The South African
Military History Society

Die Suid-Afrikaanse Krygshistoriese Vereniging


by Emile Coetzee

Address to SAMHS Jhb branch on 14 October 2010

A reappraisal of the first confrontation of the South African infantry and mobilized forces during the Second World War at El Wak in Italian Somaliland (16 December 1940)

The title of this paper comes from a poem which I discovered while researching this attack on El Wak, written by one of the servicemen who served in the No. 3 Armed Car Company. (One of the regiments of the South African forces during the confrontation). The last two verses read:

This poem might just be plain soldier arrogance, looking forward to the chance of looking the enemy in the eye, but it is for me as if they knew, as servicemen in the East African Campaign, that this first major engagement which they were on their way to, would be the only chance they would have as soldiers of South Africa to prove that they are able to achieve the objectives which were laid out for them. They had to prove it to their fellow British comrades, to the South African government and public and also to themselves. This was the first action which the Union Defence Force's infantry and mobilized regiments experienced during the Second World War. It made headlines across the Union and the British Commonwealth, and yet, the fight at El Wak has been forgotten for many years now, by the same nations which fought against each other on that desert and rocky plain. South Africa is not the only one to blame. El Wak and many other battles, in which South Africa fought in, are not even mentioned in new international publications which are commemorating the 70th Anniversary of the Second World War. Whatever the reason for the exclusion might be, it is time for South African military historians and enthusiasts to relook at the battles, skirmishes and raids in which South Africa can claim agency to. To contribute to this endeavour, I will look at the attack which the South African forces launched at the small settlement called El Wak, there where our bayonets came in contact with human flesh for the first time.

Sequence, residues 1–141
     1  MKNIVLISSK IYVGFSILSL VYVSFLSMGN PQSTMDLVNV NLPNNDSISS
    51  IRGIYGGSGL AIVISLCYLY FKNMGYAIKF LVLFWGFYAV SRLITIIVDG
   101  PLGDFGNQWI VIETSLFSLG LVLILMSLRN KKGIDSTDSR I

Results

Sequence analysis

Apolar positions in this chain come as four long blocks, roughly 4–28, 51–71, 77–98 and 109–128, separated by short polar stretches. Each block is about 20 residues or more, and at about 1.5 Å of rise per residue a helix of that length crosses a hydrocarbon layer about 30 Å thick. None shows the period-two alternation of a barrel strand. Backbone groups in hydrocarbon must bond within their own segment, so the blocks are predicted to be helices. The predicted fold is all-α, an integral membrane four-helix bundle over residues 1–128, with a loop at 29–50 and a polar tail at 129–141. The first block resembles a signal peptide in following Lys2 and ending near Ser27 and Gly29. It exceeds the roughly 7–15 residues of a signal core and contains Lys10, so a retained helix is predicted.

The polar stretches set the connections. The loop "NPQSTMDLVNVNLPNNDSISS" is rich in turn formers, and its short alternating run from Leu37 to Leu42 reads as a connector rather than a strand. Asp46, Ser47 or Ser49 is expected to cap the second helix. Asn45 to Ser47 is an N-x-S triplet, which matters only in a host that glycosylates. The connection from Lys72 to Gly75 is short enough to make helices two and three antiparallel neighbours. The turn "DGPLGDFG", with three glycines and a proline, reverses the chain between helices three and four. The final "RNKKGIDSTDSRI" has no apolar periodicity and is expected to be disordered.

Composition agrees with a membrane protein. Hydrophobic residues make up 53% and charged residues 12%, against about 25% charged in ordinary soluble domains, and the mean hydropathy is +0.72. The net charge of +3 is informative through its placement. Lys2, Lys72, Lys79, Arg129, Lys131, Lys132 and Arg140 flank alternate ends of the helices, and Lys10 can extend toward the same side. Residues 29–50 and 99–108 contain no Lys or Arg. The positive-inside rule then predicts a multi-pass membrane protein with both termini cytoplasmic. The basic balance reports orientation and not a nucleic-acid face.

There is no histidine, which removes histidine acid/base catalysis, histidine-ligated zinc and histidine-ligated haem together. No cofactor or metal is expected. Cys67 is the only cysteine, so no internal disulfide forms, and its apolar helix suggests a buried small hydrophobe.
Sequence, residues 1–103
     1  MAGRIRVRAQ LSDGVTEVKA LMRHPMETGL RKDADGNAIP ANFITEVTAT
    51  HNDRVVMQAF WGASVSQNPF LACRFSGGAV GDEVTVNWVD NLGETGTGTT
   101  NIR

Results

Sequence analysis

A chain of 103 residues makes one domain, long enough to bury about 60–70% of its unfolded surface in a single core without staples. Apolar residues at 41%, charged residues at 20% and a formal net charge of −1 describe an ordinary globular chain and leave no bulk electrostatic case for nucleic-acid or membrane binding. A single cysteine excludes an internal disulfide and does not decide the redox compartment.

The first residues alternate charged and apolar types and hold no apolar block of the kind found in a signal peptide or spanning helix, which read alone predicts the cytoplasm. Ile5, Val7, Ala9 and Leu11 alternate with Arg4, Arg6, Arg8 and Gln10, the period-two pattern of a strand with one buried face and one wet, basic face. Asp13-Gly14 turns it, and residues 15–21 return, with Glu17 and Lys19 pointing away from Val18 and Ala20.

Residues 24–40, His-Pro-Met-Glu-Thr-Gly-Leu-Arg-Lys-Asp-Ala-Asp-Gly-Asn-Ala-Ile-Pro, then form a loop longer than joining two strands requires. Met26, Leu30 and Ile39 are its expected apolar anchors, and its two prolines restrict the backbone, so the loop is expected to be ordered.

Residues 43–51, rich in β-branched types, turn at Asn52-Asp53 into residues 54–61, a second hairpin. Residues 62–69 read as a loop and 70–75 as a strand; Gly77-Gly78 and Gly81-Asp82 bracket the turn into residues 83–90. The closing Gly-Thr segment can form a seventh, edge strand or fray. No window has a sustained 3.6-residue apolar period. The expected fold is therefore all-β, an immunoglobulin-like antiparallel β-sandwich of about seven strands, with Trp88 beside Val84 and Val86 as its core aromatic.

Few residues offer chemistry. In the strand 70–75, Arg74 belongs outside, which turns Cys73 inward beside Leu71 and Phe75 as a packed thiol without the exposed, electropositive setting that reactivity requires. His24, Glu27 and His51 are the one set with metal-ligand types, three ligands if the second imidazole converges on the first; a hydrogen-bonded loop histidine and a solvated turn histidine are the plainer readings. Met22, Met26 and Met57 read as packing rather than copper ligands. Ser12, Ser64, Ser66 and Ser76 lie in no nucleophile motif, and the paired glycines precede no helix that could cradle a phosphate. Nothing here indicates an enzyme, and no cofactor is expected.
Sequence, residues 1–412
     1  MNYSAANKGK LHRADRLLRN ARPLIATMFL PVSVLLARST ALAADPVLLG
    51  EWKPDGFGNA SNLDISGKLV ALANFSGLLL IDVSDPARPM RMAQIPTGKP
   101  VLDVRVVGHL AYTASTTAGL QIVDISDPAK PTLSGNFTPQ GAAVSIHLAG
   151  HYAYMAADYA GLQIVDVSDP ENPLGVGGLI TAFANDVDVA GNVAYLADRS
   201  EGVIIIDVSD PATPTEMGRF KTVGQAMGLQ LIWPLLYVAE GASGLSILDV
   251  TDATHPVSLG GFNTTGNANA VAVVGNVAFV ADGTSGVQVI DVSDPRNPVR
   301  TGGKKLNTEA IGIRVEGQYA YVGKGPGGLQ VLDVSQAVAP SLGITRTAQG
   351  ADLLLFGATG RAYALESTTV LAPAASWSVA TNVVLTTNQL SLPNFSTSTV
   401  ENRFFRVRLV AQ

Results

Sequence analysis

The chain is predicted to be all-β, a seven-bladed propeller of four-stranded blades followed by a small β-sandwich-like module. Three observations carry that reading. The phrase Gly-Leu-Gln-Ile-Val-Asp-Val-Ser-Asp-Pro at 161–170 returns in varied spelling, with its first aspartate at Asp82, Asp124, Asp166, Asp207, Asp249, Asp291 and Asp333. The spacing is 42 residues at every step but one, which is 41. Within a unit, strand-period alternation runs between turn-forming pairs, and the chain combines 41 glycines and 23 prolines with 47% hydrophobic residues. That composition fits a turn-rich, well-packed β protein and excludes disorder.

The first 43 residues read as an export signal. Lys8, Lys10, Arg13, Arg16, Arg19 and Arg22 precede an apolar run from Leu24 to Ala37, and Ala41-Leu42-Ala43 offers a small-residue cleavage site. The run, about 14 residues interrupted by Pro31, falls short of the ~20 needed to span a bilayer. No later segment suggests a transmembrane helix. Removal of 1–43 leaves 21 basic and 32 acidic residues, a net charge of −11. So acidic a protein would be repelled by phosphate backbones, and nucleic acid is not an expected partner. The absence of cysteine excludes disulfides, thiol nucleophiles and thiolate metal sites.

Thus, to study this confrontation from a fresh perspective, we must connect it with the actions which happened before the first shot was fired and after the last shot was fired. In other words, rather than looking at the way how the confrontation occurred, the fighting itself, we have to look at the situation which the UDF were facing before the engagement started and the lessons which were learnt after the fight. Only then, one might argue, we in the present time would be able to understand what the total odds were which we, the Springbok forces, had to overcome, when the order was given to attack our first target, at El Wak. To be able to understand the scenario in which these obstacles and lessons were formed, I will first give a brief explanation about the territory which the fighting commenced upon and also a short narrative on the attack itself.